1960 in the Vietnam War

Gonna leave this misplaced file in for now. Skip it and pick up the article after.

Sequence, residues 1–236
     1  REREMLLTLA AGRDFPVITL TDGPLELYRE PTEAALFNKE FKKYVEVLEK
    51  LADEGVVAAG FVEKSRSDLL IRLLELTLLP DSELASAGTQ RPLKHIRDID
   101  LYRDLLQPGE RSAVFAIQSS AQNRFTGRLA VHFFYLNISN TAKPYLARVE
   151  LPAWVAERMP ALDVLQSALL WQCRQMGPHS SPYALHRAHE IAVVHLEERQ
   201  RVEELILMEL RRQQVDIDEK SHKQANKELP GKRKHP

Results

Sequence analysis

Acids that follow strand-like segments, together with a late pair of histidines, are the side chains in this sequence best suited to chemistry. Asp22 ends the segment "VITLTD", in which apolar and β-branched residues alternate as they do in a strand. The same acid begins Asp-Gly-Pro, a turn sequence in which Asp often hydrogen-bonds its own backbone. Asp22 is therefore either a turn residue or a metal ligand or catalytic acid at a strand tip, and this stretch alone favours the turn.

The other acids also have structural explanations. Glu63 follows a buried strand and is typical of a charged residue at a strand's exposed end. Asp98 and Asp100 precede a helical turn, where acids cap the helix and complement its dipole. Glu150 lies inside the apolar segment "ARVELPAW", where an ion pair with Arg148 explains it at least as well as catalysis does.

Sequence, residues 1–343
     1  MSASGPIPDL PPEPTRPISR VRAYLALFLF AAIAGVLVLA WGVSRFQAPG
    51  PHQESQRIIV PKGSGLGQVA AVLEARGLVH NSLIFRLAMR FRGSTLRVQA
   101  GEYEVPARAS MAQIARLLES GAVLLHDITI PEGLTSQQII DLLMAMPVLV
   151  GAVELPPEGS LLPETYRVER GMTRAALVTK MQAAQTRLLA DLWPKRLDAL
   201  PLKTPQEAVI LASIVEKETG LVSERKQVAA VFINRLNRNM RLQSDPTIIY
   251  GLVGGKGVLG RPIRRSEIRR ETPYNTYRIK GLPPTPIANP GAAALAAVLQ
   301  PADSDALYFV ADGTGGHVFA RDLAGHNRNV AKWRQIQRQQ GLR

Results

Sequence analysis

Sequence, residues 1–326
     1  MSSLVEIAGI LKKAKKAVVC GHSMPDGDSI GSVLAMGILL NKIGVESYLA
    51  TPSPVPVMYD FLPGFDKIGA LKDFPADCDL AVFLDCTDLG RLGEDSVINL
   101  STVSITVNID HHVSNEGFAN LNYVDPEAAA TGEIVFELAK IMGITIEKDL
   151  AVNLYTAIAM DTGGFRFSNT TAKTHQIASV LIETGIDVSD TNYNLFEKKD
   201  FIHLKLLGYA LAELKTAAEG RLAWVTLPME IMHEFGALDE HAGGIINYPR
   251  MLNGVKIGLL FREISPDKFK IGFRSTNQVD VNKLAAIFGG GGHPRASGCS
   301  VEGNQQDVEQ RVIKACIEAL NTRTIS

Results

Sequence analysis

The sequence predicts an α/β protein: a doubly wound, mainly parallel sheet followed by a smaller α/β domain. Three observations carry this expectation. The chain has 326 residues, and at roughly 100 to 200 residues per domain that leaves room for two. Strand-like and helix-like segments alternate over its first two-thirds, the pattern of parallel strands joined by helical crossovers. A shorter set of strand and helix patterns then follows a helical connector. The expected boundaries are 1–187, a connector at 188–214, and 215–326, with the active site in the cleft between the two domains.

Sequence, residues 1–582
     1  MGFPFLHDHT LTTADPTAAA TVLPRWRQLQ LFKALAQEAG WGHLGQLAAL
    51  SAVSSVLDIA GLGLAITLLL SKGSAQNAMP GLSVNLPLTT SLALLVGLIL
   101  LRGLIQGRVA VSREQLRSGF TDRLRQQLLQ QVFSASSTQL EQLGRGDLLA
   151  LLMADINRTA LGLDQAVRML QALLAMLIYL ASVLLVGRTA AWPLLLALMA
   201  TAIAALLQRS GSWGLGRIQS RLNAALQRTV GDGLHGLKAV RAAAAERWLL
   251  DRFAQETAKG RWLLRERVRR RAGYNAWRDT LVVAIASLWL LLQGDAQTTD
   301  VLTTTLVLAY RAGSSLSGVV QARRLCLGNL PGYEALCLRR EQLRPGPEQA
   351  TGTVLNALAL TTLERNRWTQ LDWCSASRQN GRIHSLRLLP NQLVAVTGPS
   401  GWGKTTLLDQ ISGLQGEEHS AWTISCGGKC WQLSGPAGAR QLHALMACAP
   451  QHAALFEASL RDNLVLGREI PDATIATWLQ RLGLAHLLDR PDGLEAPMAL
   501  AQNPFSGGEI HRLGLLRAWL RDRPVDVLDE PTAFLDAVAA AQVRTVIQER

In 1960, the oft-expressed optimism of the United States and the Government of South Vietnam that the Viet Cong were nearly defeated proved mistaken. Instead the Viet Cong became a growing threat and security forces attempted to cope with Viet Cong attacks, assassinations of local officials, and efforts to control villages and rural areas. Throughout the year, the U.S. struggled with the reality that much of the training it had provided to the South Vietnamese army (ARVN) during the previous five years had not been relevant to combating an insurgency. The U.S. changed its policy to allow the Military Assistance Advisory Group (MAAG) to begin providing anti-guerrilla training to ARVN and the paramilitary Civil Guard. President Ngo Dinh Diem of South Vietnam was faced with growing dissatisfaction with his government culminating in a coup d'état attempt by military officers in November.North Vietnam's support for the Viet Cong increased and in December the National Liberation Front (NLF) was created to carry on the struggle. Ostensibly a coalition of anti-Diem organizations, the NLF was largely under the control of North Vietnam's communist party.